10 Crowdfunding Campaigns Lessons Learned
How We Raised $65,000 For 2 Overlapping Crowdfunding Campaigns
By Jaclyn Sorese
At Vab Media Web Design & SEO Marketing Firm, we love to share our insights / knowledge with others. With that said, we are happy to offer our readers and clients 10 key takeaways and actionable lessons we discovered, which should be used for your next crowdfunding campaign and general marketing efforts online.
Whether or not you ever run a crowdfunding campaign, there are lessons to be learned that can be valuable to any marketer, business owner or entrepreneur. When it comes to raising awareness or promoting a brand, product, service or cause, the usual marketing channels of content marketing, Search Engine Optimization (SEO), social media strategy and public relations journalist blogger outreach are what is necessary to find and connect with people and customers. The main difference with crowdfunding campaigns compared to marketing a business or start-up online is the time frame discrepancy, normally marketing or SEO takes 12 to 24 months to see awesome results but with crowdfunding, you usually only have 30 to 60 days; so it’s marketing on hyper speed.
The Background & Catamaran Literary Reader
In 2012, local Santa Cruz startup, Catamaran Literary Reader, contacted us for help with their crowdfunding campaign on Kickstarter. However, we were hired at the end of the campaign, so we didn’t get to see the entire thing through from start to finish. The Catamaran Literary Reader is a visual and literary magazine released on a quarterly basis. Catamaran Literary Reader organization is “Based in the new Tannery Arts and Digital Media Center Studios, in Santa Cruz, CA., our mission is to capture the vibrant creative spirit of The West Coast in writing and art from around the world.”
In 2013, however, Vab Media was hired again by Catamaran Literary Reader to run the whole campaign from start to finish. We thought we could just use social networks and emails to get crowdfunds…well…we were wrong. We began with trying to target advertisements to a landing page that would give people an e-magazine trial of the art and literature found in the magazine before the beginning of the campaign in order to acquire more interest in the magazine, along with emails so that we could let them know when the campaign would begin. We also focused on developing a new wave of followers on @CatamaranLit on Twitter, by following authors and artists, and engaging with them and their content. We also started posting more on Google Plus, focusing mostly on literature and arts communities. Since they had a few videos, we dressed up Catamaran’s YouTube channel and moved their videos from Vimeo to YouTube. We attempted to reach out to a few CEOs and influential backers to pledge higher amounts. In the end, Catherine Segurson, Founder, Editor-In-Chief, Catamaran Literary Reader, ended up reaching a backer who pledged an amount that would let us hit the mark. Both online and offline marketing were essential in both campaigns.
The Background & Trek Medics International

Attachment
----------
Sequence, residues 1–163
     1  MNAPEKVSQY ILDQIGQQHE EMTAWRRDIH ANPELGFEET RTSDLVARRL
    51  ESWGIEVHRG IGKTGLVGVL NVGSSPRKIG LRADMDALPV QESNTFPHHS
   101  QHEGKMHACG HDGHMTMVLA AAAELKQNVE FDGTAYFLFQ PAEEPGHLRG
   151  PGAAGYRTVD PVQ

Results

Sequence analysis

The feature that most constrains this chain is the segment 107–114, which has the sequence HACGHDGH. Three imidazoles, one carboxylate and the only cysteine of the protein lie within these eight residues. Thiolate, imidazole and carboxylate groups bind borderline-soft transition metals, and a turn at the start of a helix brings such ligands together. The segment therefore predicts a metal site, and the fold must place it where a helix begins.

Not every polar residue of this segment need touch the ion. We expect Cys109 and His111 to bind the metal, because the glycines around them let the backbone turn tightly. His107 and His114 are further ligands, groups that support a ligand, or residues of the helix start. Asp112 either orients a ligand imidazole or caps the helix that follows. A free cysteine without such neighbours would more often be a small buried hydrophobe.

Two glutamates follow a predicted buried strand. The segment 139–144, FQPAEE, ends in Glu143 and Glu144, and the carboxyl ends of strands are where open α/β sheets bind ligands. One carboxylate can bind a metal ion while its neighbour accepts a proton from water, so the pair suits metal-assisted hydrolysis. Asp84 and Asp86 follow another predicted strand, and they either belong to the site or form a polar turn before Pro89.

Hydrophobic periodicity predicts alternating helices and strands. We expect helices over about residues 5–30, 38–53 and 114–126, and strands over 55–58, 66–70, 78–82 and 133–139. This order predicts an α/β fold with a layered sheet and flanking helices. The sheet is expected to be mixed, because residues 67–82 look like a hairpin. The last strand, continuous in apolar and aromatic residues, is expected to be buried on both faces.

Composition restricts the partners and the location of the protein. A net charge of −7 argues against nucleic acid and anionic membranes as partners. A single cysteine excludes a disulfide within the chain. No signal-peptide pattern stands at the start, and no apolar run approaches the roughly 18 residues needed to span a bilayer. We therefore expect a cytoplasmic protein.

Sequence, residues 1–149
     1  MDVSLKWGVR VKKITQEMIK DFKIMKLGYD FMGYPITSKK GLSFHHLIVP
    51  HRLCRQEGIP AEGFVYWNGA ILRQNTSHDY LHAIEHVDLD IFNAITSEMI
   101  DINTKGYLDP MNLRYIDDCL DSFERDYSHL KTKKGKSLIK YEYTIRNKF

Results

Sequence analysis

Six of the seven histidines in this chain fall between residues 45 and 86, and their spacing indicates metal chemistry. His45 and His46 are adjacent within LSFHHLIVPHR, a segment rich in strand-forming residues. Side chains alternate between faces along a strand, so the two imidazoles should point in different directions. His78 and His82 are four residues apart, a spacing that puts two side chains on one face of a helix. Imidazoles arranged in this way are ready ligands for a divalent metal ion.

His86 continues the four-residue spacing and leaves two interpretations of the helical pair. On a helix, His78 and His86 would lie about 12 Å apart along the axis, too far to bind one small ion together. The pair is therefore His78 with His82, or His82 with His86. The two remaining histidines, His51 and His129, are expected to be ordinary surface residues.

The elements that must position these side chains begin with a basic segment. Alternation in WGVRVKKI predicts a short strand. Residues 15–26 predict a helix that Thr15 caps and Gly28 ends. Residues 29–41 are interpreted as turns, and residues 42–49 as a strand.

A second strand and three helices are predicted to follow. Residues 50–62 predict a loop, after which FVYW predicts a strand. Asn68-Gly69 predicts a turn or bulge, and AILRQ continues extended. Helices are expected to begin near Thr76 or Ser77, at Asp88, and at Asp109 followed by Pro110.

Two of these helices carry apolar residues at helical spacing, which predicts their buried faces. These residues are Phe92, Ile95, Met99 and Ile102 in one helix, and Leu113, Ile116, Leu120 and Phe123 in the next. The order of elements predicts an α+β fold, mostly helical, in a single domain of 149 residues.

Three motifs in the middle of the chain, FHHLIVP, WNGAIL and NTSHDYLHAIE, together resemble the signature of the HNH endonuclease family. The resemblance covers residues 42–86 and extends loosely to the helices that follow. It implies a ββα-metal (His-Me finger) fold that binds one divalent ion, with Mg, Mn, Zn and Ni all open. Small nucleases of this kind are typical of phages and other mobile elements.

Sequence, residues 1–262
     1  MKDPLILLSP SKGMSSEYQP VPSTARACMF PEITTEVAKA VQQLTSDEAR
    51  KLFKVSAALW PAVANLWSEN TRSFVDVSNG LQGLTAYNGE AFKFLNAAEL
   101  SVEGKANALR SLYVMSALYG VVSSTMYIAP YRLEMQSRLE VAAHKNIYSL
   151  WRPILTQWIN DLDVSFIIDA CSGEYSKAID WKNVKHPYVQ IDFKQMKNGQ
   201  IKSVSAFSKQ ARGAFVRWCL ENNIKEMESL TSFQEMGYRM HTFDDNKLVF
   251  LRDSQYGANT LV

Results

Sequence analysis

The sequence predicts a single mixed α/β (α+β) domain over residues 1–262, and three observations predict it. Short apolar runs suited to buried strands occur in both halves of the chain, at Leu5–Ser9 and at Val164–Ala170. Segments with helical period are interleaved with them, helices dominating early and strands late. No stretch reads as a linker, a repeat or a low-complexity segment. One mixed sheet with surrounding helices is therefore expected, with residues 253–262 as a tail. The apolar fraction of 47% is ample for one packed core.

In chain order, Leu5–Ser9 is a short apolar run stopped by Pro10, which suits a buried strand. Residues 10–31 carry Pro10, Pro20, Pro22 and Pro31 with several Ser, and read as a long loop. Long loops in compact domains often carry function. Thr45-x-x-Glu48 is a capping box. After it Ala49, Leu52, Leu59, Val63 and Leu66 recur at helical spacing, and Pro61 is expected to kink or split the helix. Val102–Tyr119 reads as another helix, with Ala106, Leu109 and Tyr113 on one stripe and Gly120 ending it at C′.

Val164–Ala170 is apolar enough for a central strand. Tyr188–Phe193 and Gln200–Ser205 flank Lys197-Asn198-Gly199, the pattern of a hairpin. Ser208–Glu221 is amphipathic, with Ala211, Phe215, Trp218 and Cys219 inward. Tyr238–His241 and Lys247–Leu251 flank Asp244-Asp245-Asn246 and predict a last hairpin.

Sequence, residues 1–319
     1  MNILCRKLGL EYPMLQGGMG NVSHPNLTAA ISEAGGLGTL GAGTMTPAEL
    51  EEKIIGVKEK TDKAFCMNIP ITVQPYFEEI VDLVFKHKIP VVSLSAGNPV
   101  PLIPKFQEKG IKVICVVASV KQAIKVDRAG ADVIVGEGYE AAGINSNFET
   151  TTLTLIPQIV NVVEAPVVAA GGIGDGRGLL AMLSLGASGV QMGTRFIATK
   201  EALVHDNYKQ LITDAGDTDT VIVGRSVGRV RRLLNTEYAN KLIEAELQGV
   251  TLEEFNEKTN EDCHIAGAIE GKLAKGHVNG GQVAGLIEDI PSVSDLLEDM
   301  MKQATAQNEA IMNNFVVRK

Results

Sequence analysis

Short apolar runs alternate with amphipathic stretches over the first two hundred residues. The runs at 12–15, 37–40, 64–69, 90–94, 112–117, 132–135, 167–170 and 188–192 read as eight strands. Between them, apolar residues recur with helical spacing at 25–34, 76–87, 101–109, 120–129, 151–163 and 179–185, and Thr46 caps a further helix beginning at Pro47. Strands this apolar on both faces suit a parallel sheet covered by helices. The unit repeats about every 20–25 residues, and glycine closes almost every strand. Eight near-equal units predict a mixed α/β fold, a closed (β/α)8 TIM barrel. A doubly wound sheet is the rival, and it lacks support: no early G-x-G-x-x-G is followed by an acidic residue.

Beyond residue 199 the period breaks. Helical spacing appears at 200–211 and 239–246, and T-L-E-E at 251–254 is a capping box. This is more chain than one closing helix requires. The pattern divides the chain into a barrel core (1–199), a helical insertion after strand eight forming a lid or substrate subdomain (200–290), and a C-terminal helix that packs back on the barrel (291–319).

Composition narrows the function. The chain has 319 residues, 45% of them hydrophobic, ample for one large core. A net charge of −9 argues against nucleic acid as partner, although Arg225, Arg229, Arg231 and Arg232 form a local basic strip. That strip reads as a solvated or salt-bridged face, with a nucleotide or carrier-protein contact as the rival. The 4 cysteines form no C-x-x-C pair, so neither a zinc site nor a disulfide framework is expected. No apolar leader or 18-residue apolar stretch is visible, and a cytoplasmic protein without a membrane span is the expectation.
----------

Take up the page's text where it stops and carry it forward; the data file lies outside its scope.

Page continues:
At around the time that the Catamaran Kickstarter campaign was underway, Jason Friesen of Trek Medics International contacted Vab Media to assist his crowdfunding campaign on Indiegogo. “Trek Medics International is dedicated to reducing the global burden of premature death and disability in vulnerable communities through the development of prehospital and emergency care services.” But why would Vab Media chose to take on two crowdfunding campaigns back-to-back? Such a task could be insurmountable and it’s certainly a good question to ask…we have no great answer, except for the fact that we wanted to help our clients and are always ready for a challenge. Crowdfunding is a full time gig, and you definitely need all the resources you can get.
Vab Media’s Top 10 Lessons Learned From Crowdfunding
Based on our two parallel crowdfunding campaigns, we must say that we learned a lot of information. Our crowdfunding campaigns taught us 10 very important lessons:
#1-Contact your marketing team a few months prior to the campaign launch– set clear goals with your marketing team before hand. Begin by explaining and detailing action items to your team members as to what you’re actually trying to fund, whether it’s a tangible program, like training ordinary people into real life first responders in Haiti (like we saw with Trek Medics), or a more varied use of proceeds, such as support for your overhead costs. Also, make sure you define your goals with each team member and how you will measure their performance. Examples of tracking performance would be url shorteners like bitly, analytics tools and recording work in Google Documents. Indiegogo added a new dashboard as of Oct. 2013 that is really kick-ass and shows a ton of helpful analytics. Some other items you will want to focus on include your expense base. This will include all expenses and proceeds that contribute to your base of support- core supporters, active fundraisers, active donors and social followers, including email lists. Studies have shown that practically 3-5% of your email list will transition into fundraisers.
- Kickstarter gives you referral data from websites and social networks.
- Indiegogo does it a little differently by giving you data from referrals–the number of people who found your campaign page through a shared link which you or one of your fans shared online.